Devoted to the Propagation and Defense of New Testament Christianity
April 26, 1956
NUMBER 50, PAGE 2-3a

Holy Spirit Conversion

Ernest A. Finley, Carlsbad, New Mexico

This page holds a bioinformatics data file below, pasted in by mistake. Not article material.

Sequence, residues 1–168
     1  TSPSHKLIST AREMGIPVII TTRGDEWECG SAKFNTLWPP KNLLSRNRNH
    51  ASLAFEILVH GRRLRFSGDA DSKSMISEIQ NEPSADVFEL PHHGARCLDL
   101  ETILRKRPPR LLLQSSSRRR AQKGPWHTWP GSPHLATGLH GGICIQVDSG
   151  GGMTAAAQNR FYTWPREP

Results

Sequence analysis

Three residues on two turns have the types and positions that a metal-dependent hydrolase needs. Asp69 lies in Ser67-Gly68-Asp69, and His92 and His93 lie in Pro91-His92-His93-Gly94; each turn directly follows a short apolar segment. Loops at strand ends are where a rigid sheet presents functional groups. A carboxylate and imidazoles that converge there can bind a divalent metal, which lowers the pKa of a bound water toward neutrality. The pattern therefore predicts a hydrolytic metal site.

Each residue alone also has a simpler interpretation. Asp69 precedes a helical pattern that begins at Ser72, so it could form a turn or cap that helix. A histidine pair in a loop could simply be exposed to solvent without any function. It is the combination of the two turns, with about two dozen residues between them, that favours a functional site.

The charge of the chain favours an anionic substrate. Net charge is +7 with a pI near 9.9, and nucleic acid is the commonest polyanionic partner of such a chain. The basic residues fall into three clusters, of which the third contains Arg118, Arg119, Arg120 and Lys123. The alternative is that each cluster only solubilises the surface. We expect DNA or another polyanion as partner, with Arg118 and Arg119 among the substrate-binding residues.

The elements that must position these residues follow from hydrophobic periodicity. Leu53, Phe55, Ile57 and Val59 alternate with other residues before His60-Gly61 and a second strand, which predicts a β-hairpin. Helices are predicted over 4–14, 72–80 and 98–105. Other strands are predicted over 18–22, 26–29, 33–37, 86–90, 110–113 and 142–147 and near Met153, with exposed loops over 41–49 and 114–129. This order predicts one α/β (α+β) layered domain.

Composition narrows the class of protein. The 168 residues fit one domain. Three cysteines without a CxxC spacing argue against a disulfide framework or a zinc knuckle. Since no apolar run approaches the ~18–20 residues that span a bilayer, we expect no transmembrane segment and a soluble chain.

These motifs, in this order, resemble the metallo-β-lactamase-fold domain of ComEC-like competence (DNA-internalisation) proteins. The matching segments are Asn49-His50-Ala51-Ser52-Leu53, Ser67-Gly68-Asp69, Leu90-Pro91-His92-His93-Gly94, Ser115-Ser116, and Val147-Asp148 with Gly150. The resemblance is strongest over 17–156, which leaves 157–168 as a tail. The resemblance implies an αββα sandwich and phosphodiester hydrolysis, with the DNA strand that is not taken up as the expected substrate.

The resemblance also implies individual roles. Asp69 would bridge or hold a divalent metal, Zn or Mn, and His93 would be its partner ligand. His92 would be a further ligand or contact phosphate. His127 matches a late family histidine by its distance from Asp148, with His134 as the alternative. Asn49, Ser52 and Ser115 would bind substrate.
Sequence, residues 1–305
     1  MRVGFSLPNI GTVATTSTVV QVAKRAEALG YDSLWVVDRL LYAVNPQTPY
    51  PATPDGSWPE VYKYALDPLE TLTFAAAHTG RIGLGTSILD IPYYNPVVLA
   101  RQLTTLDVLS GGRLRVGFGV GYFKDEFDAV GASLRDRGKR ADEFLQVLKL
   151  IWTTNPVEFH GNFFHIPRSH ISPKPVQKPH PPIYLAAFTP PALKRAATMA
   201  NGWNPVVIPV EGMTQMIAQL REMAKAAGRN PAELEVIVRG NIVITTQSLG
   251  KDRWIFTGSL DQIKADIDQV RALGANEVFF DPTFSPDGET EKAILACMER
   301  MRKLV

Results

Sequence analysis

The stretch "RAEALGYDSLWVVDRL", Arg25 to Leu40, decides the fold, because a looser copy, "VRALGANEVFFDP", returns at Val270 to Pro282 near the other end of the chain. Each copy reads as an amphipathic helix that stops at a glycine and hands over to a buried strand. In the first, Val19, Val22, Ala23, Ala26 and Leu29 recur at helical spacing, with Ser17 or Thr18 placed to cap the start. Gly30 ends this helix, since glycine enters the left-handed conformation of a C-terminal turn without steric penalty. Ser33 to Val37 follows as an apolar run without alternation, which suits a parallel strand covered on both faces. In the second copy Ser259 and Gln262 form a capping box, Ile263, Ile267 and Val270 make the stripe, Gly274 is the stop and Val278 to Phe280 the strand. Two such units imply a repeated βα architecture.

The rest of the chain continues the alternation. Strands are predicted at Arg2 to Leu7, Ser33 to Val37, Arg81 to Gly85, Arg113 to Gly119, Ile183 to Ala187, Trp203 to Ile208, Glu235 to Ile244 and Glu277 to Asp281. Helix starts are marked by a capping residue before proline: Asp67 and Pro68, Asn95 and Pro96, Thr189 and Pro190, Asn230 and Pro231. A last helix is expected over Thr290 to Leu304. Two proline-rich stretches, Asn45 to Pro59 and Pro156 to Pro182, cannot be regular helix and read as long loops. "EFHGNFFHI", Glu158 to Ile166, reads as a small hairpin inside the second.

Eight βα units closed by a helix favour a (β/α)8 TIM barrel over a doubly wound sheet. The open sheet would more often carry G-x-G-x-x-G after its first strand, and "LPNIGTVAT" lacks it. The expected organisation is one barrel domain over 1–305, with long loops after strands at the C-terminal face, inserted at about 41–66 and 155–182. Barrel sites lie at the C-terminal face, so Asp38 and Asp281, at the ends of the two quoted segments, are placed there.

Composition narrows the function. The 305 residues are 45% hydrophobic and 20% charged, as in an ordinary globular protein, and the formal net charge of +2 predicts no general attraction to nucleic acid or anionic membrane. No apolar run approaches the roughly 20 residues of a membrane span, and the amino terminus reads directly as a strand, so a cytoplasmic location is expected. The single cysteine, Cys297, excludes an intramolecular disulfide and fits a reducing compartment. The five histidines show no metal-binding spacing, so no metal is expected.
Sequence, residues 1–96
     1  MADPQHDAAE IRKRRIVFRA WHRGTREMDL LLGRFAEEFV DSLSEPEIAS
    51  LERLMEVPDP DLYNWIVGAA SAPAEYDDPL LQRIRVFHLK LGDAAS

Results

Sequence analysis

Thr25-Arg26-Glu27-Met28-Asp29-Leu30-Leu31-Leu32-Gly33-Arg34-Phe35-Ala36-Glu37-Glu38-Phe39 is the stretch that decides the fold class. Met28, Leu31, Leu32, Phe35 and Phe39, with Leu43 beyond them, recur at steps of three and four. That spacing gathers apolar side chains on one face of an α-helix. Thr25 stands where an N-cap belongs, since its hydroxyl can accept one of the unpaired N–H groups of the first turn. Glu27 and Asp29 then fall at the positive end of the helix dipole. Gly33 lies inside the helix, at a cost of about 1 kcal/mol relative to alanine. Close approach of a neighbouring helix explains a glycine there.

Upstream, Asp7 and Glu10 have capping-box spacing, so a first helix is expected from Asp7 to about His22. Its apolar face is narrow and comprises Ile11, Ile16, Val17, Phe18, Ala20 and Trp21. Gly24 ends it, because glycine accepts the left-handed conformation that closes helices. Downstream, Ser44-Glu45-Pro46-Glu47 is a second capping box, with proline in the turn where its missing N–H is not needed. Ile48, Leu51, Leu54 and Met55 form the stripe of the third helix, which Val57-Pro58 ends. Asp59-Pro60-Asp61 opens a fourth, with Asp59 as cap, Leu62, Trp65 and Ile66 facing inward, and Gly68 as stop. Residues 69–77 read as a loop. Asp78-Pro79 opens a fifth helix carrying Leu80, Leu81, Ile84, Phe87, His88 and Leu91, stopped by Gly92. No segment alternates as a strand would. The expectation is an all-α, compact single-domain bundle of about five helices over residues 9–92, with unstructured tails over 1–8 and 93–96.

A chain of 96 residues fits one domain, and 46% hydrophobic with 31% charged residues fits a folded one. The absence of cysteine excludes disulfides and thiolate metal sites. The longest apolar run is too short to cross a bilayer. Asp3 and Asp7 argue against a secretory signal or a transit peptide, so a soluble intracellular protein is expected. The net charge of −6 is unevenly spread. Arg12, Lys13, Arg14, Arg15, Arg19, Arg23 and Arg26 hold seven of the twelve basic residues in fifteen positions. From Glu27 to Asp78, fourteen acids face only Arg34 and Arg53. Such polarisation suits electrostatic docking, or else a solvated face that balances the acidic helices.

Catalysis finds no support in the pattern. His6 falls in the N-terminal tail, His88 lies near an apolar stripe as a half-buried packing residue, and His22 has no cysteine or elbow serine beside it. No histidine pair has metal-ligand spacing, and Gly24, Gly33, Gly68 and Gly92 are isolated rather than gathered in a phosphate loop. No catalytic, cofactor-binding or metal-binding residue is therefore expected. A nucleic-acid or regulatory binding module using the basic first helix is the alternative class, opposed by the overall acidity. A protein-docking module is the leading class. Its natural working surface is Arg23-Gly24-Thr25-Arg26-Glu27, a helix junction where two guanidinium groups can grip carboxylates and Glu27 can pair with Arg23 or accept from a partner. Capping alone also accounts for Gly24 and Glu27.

In those circles where a direct operation of the Holy Spirit is taught, much is heard of the need of being "born again." This is another work which is associated in their thinking with the baptism of the Holy Spirit or a direct operation of the Holy Spirit from heaven. A reading of John 3:1-5 leaves no room for doubt that one must be born anew; nor is there any room for doubt that the Spirit has a vital part in one's spiritual birth. But here many people are inclined to begin a series of assumptions which leave them in darkness and without the birth which they suggest, correctly so, is essential to entering the kingdom of heaven.